In the Book of Mormon, there is this passage:
“For it must needs be, that there is an opposition in all things. If not so, my firstborn in the wilderness, righteousness could not be brought to pass, neither wickedness, neither holiness nor misery, neither good nor bad.” (2 Nephi 2:11)
I recently had an experience that got me to thinking about this gospel principle in more depth than I have before. I do have a basic understanding of why having opposition is important in our lives. That in order to grow, we must experience trials. Or that for good and righteousness to even exist, there must be an evil. We cannot know happiness unless we have also experienced sadness.
But last week, as I was driving through a blinding snowstorm to pick up The Maestro from the airport after his flight was canceled, I began to understand yet another reason why we need this opposition. If you’ve never driven in a whiteout, I will attempt to tell you what it’s like.
First of all, the name whiteout is not accidental. Everything is white. The sky, the snow, the ground, the fog—all of it. In fact, it’s kind of like a blackout, except it’s white. Depending on its severity, you have very little visibility. In this particular storm, I was driving at about 5-10 mph, and stopping often to get my bearings. I had no idea where the road ended and the landscaping began (because it was all snow anyway). I had no idea where the turn offs were to get to the airport terminal until a sign would pop out at me when I was only a few feet away. I felt very lost and afraid.
This is a photo I took with my phone during that drive. I took it while I was stopped to get my bearings. When I looked at the photo, it was interesting to me that the camera had a better ability to see the tiny bit of contrast in the light than I did, because I could only see the sign in real life. I could not see the light poles or those trees in the distance at all.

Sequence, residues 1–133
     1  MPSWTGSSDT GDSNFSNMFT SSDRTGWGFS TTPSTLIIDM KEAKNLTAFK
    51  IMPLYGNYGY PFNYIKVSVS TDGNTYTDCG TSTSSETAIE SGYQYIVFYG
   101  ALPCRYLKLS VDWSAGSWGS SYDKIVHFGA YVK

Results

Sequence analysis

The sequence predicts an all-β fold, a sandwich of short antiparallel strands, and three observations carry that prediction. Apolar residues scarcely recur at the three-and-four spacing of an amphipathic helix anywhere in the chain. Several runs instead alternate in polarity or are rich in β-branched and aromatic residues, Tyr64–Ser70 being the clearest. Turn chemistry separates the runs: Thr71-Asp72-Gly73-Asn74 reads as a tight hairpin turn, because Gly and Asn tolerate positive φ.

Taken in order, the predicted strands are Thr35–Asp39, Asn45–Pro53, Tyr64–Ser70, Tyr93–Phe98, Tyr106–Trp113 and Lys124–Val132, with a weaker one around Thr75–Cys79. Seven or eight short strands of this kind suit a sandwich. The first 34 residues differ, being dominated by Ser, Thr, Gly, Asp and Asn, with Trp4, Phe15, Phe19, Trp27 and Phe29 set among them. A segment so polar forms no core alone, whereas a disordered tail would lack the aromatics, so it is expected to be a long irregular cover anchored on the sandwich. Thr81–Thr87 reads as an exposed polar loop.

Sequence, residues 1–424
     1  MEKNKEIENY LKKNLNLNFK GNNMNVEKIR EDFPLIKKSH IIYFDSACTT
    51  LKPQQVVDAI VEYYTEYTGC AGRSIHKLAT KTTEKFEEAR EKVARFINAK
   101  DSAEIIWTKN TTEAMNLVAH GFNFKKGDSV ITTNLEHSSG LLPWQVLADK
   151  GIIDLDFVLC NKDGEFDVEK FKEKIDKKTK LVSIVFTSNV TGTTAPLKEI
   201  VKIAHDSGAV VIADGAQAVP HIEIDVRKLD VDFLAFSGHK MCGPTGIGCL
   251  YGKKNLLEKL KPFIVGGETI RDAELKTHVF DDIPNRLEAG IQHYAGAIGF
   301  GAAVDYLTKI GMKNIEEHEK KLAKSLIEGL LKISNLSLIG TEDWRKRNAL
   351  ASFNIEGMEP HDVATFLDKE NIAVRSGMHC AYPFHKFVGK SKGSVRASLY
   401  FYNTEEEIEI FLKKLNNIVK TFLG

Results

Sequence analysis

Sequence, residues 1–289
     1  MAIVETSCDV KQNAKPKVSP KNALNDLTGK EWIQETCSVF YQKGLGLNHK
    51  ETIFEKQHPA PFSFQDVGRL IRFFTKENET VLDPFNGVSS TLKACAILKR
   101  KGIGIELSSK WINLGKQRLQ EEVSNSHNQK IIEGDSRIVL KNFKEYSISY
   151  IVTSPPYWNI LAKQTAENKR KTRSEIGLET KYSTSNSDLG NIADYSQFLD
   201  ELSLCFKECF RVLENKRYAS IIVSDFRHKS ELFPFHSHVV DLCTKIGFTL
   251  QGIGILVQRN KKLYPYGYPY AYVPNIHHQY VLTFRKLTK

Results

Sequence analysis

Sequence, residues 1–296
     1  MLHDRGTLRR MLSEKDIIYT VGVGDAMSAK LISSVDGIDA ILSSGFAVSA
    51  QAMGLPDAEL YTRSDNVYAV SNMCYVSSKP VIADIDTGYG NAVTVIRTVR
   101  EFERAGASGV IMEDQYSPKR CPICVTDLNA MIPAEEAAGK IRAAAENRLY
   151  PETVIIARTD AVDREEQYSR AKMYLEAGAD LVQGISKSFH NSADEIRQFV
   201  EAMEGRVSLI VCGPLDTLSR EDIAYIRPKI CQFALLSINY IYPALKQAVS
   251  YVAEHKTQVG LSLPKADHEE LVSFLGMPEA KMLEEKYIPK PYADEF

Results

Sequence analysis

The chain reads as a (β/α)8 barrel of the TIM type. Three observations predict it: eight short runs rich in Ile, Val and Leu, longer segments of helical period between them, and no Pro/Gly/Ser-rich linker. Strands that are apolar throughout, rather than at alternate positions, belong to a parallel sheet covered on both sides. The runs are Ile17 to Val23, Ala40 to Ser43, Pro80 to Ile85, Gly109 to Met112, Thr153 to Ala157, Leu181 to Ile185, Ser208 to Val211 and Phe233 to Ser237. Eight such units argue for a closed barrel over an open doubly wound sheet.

Driving on the highway before the airport turnoff wasn’t quite as bad. The reason? So many cars had driven on that road that the snow had been worn off in my lane and I could see black. I could see that contrast. Black is in direct opposition to white, and I was so very grateful for it at that moment. But when I turned off into the airport there was no worn down snow, and I didn’t have the contrast to guide me.
This is a photo I took with my phone several days later when I drove back to the airport to pick up Joel again—this time after he had made it to Texas and then had a difficult time getting home due to more storms (a very literal series of miracles brought him back that day—more on that another time). As you can see, it was still stormy, but it wasn’t a whiteout. You can also see from this picture just how terrible the first picture was.
In order to know where we are going and to see our way there, we need contrast. Whether that is light in the darkness or a black road in a whiteout, it is absolutely necessary. We need opposition to tell us whether or not we are on the right path—or on the path at all! And those of you who have read the Book of Mormon will probably think about Lehi’s dream and the Iron Rod, as well.
This is probably old news to many of you, but it’s something I hadn’t thought about before. And since I want to know if I’m on the right path, I will now appreciate opposition all the more.
More of my Gospel Epiphanies:
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